1. The TV channels were very limited; we watched the super bowl, and they only showed ESPN ads—not any of the Bud Light or other good ads. I don't know why they did that, but it sucked. 2. Steaks were excellent, but the seafood was sometimes good and sometimes horrible. I ordered grilled tuna one night and I should have brought my hack saw to cut it! I then ordered salmon and half was undercooked and half was ok. 3. Debarkation was great—best I have seen if you choose to have them take your bags off for you. You get a color and numbered code, and you get off the ship at a pre-assigned time—they don't announce it, but it worked very well. Our debarkation time was 8:30-8:45, and we proceeded off ship to the terminal with ease. We found our bags and were ready to leave by 8:50 am. 4. You can also opt to carry your own bags off like Carnival does, but I could not find that in HAL's literature. If you do that, you can get priority debarkation. 5. HAL has the best booze policy of any cruise line. You can take any amount of wine or champagne on board, but not liquor. They also have a policy that is not on their web site (or at least I couldn't find it) that if you buy wine or champagne in a port, you can also bring it on board. There is a sign when you get off the ship at the ports that says that. 6. Overall, we would give this trip a grade of 3 on a 1-5 scale, which is what most cruisecritic.com ratings are. I do not know if this is because Carnival bought HAL or not, but is was not nearly as good as when we sailed on her 3 years ago. 7. You can not get trays to carry your food on at the Lido buffet. One waiter told us that was because people were dropping their trays. As a result you had to make several trips to your table—a major pain in the rear. That may be true, but I think it is because HAL saves money by not having to wash trays. 8. HAL has increased the tips from $10 to $11 a day. HAL, why don't you pay your employees rather than having the passengers pay it for you—are you listening, HAL? Probably not. 9. Most ships have the daily newsletter in a time format; not HAL this time. It was very confusing trying to determine what was going on when. They had four basic categories: Explorations, Culinary Arts, Digital Workshop, and The Greenhouse, and listed items by category, and then by time—a major pain in my opinion. HAL, follow Carnival's format, please. 10. Time in ports: 7am-2pm at Grand Turk; way too long in my opinion since there was little to do there. San Juan, PR: 12 noon - 8pm; way too long; should cut it off at 6 pm. Philipsburg: 7am-3pm—the length of time is ok, but not the timing because the shops don't open until 9 or 10 am, and neither do the casinos. Half Moon Cay: 8am-4pm—way too long since there is not much to do there. We did not stop because of the weather. Why not spend more time in ports like St Maarten where there is something to do rather than Carnival-HAL's private island? Got to be a matter of money—not in the passenger's favor, but HAL's. 11. Definitely an older passenger group, which was ok with us since we are in our 60's. Very few kids onboard, which you would expect this time of year when kids are supposed to be in school. We were told that the average age was 70, but this was by a passenger, not by HAL. We had never seen so many people with canes, walkers, scooters, or wheelchairs; my hat is off to those folks since they are still able to travel. I hope we are able to do so when we are in our 80's, like these folks were. 12. Linens and towels—excellent; the Egyptian cotton bath towels were 3 feet by 5 feet! 13. Our cabin was on deck 4 forward on the port side. You get the best view going into San Juan, St Maarten, and Grand Turk if you are on the port side. Our balcony was 2 feet deeper than balconies on higher decks. However the lower panel was steel, not glass like the higher cabins, so you had to stand up to see the sea. The lower part of ours was rusty—hopefully HAL will fix this. 14. We opted to buy a wine card for $41.40 that was good for 10 glasses of house wine. That is cheaper than buying individual glasses of wine, and the wine was pretty good. 15. I think HAL could do a much better job of planning activities that don't conflict with the times most people go ashore. I mentioned the 2 golf tournys held while the ship was in port. The first night they held a wine tasting at 6 pm, and we left port at 5 pm—that was a major conflict with people either at dinner or getting ready for dinner. I do not know who is responsible for this absurd planning, but my best guess is the cruise director. 16. Photos-There did not seem to be as many photographers in your face like the last Carnival ship we went on, and we liked that. The photos are very expensive, and we opted not to buy any. 17. Cabin: Category VF, port side forward, verandah. Lots of closet space, and storage under the bed(2 drawers), plus you could slide your luggage under the bed. The cabin had a love seat which was not comfortable to sit on, a chair and a stool that was under the small vanity. Bath was nice with a shower in the tub, vanity, and toilet. Difficult to control the temperature of the A/C, and there was no adjustment to the fan speed. A/C was very noisy--I finally put in earplugs so I could go to sleep. Bad design of the tub; it needed a higher lip so the water would not get on the floor when you are taking a shower. Fortunately there is a drain on the floor. After the first shower where I flooded the bath, I built a little dam with the shower curtain at the back of the tub, so the water would not get on the floor of the bath. Overall a nice cabin. Unfortunately the cabin steward was not very good.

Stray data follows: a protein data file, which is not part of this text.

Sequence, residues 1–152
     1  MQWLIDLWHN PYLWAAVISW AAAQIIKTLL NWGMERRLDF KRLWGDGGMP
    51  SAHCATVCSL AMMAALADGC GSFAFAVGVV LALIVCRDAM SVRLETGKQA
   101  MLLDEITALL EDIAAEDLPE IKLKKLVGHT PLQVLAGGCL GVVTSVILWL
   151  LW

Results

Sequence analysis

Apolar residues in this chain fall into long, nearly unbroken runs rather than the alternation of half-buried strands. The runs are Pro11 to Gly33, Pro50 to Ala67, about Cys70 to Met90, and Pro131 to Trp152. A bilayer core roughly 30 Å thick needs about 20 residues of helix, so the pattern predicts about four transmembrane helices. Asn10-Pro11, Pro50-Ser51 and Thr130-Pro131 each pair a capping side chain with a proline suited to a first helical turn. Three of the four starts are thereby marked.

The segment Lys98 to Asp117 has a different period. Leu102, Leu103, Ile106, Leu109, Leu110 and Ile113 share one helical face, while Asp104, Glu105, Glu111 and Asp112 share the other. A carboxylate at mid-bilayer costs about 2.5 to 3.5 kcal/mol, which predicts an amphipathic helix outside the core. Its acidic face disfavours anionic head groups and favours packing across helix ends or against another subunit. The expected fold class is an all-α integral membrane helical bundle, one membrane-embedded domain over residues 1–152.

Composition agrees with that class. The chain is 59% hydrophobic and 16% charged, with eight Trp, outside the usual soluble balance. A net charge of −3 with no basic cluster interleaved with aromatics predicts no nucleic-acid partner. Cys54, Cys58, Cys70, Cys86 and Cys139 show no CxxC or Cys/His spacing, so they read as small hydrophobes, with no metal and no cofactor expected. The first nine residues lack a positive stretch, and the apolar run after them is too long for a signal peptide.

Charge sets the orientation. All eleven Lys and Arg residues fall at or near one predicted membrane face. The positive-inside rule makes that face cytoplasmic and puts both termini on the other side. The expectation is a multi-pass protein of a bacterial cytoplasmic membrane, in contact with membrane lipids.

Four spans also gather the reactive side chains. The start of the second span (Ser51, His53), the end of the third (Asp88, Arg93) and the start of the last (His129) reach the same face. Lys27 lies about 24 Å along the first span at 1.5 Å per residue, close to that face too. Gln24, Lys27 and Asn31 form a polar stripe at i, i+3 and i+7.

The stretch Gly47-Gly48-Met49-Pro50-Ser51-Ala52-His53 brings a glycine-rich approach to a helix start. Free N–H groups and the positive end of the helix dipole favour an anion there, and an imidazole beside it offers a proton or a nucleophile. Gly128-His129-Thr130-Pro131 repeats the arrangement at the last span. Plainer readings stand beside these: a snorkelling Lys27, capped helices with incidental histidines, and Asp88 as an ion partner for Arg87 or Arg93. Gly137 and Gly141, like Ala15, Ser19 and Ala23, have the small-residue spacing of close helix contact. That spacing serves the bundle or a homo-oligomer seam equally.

17. Cabin: Category VF, port side forward, verandah. Lots of closet space, and storage under the bed(2 drawers), plus you could slide your luggage under the bed. The cabin had a love seat which was not comfortable to sit on, a chair and a stool that was under the small vanity. Bath was nice with a shower in the tub, vanity, and toilet. Difficult to control the temperature of the A/C, and there was no adjustment to the fan speed. A/C was very noisy--I finally put in earplugs so I could go to sleep. Bad design of the tub; it needed a higher lip so the water would not get on the floor when you are taking a shower. Fortunately there is a drain on the floor. After the first shower where I flooded the bath, I built a little dam with the shower curtain at the back of the tub, so the water would not get on the floor of the bath. Overall a nice cabin. Unfortunately the cabin steward was not very good.